The terms atheist and agnostic are not mutually exclusive. In fact, most atheists probably fall into the definition of an "agnostic atheist."


The terms atheist and theist describe things you believe.

The terms agnostic and gnostic describe things you know.

So I'm an "agnostic atheist" be cause I don't know if there are any gods, and lack of evidence has given me no reason to believe any gods exist.
I don't disagree with what Johnny says, because technically he is right. But in the colloquial sense, I hate all these fine tuned labels. I'm agnostic about EVERYTHING, so I find that label to be a little redundant and useless.
Good point Reggie; I agree that agnostic about almost EVERYTHING is a good stance.

I've had to use this 'fine tuned' description a couple times recently with family. And pulled it out here because I don't think just agnosticism is the only credible intellectual position.
I like the diagram a lot - and may even steal it, or use it with your permission (both works for me) as I am agnostic about the morality of copyright (at least today).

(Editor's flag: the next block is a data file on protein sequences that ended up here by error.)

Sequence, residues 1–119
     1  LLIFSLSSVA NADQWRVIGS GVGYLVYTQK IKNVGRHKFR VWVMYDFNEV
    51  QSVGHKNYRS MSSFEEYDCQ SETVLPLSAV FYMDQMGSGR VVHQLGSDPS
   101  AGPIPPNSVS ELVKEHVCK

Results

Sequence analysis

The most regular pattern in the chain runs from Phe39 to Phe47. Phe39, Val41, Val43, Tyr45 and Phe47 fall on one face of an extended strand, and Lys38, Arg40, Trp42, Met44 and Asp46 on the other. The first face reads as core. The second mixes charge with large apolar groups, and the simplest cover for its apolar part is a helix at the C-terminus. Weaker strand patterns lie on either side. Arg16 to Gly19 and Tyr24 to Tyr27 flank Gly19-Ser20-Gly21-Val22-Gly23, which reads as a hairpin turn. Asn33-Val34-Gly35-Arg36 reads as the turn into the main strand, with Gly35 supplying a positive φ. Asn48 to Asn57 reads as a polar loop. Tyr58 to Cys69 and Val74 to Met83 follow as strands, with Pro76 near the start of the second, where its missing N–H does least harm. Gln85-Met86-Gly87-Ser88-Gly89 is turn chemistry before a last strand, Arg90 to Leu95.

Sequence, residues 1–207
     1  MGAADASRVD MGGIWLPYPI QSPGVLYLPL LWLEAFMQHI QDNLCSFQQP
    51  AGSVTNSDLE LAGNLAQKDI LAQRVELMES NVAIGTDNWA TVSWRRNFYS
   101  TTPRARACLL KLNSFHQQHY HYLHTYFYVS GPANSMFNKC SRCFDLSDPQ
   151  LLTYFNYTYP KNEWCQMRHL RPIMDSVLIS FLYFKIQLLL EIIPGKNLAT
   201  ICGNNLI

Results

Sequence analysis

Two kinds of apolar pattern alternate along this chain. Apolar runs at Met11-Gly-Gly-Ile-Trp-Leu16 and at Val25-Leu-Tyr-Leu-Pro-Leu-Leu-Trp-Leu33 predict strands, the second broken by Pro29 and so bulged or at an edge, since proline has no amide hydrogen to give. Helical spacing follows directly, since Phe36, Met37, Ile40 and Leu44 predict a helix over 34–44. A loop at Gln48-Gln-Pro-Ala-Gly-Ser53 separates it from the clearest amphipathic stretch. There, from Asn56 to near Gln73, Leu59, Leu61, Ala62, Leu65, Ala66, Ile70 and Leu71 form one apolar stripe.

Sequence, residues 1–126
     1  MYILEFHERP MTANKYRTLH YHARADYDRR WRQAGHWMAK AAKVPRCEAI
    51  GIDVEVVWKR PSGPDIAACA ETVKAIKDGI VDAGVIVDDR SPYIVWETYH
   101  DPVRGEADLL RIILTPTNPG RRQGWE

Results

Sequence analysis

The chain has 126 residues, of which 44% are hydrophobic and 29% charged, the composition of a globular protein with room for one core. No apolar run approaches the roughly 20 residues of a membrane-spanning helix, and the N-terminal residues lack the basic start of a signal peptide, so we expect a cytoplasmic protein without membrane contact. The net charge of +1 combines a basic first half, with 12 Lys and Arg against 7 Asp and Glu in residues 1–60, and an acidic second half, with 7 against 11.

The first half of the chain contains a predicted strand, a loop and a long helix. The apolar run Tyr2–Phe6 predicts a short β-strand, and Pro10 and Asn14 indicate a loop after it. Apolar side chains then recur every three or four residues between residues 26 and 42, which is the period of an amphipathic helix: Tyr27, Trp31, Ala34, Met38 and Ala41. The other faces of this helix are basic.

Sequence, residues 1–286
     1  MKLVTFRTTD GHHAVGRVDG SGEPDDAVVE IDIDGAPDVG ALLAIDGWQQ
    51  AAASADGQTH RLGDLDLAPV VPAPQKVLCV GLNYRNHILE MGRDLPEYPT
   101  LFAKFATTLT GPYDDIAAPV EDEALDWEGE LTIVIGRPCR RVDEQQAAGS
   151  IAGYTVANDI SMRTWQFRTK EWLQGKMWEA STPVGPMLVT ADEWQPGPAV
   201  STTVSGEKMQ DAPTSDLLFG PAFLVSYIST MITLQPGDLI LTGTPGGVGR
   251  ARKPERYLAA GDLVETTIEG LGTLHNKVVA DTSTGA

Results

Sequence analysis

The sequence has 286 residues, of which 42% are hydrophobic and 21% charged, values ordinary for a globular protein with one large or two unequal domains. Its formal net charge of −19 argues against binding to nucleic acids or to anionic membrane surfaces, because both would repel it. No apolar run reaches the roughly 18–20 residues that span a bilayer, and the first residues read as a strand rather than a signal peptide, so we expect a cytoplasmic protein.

So you would separate belief from knowledge. Do theists do that? Surely that weakens belief if only by saying it’s different from actually knowing.

I have long tried to define a state of mind I call 'supra-agnostism' (though don’t like the name really) which is basically a complete lack of certain knowledge, belief OR disbelief and thus any form of bias.

The added theoretical feature of this mental state is that one can in fact be a theist and an atheist simultaneously and thus assess a belief system with out preconception.

It probably sounds crazy or at least implausible, but I liken it to encountering something completely new and then ‘trying out’ one position or another mentally by creating ‘ego states’ that fully believe or disbelieve in different aspects of the position. Collapsing the wave function effectively in different ways and observing the outcome from the perspective of additional ‘watcher’ ego states.

This approach requires a mental toolkit that leans heavily on role play characterisation and method acting and is difficult to relay without a couple of worked examples.